At the Middle East Centre of the ‚London School of Economics’ Dr. Zeynep Kaya and I discussed the emergence of (kurdish) nationalism and the interrelation of liberal democratic notions to ethnic nationalist claims.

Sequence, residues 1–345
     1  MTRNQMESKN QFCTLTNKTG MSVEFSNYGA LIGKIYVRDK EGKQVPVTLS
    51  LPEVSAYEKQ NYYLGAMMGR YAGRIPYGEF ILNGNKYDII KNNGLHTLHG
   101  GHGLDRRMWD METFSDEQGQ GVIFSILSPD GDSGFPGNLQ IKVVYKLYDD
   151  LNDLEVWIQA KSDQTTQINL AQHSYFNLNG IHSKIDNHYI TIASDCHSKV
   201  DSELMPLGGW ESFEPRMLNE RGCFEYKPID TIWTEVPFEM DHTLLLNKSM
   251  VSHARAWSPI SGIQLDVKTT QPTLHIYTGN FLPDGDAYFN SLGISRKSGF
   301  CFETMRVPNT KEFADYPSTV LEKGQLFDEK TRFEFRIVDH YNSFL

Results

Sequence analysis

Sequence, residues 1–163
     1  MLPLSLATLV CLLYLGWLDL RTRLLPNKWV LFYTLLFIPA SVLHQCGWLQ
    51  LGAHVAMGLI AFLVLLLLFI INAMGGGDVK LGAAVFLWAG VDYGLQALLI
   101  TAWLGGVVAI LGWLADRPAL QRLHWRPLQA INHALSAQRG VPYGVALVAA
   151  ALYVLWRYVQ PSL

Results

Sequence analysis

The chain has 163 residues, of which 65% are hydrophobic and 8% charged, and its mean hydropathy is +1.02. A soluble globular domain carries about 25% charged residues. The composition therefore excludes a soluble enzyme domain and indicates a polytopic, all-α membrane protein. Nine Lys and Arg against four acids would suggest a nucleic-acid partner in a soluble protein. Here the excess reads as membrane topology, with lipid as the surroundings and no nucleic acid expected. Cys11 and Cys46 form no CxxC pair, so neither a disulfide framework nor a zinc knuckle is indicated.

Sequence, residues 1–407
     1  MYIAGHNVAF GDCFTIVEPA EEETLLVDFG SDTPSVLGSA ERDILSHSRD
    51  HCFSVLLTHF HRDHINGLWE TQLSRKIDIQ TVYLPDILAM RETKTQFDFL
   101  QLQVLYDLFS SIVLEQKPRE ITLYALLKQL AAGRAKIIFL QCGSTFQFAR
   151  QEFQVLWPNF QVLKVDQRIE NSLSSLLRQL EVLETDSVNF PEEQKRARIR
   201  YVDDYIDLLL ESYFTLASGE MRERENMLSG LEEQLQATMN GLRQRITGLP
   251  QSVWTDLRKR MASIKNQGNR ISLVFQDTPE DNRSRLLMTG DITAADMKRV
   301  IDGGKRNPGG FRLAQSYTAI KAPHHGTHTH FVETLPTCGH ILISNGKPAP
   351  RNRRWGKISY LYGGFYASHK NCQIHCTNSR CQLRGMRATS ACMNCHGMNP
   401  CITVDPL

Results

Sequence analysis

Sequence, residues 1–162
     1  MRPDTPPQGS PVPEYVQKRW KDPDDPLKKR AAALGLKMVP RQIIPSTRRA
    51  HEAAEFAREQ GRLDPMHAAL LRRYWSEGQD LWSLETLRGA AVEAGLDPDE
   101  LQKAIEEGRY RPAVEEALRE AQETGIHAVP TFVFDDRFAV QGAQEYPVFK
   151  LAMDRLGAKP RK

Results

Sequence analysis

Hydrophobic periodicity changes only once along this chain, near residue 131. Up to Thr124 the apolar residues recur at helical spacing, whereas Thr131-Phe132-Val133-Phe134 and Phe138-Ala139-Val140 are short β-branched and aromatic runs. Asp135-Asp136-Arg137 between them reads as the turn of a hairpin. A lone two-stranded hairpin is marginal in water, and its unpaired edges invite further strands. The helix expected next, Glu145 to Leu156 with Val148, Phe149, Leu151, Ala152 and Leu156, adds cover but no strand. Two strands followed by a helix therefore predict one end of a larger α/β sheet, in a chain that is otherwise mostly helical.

‚the meaning of self-determination associated with the norms of human rights and democratic rights is adopted by some sub-state nationalist groups because there is an emerging international normative framework that perceives the use of this meaning of self-determination as legitimate. (…) Nationalist movements that derive their understanding of nationhood from ethnic and primordial conceptions use self-determination to seek democratic liberation. Achieving this aspiration entails international recognition as a distinct identity with a specific territory and exclusion of other identities from claims to that territory as a homeland. Sub-state separatist groups claiming their right to statehood through self-determination pitch the territory they claim as an ethnic territory, as a space to which they attach their identity and desire full control over it.‘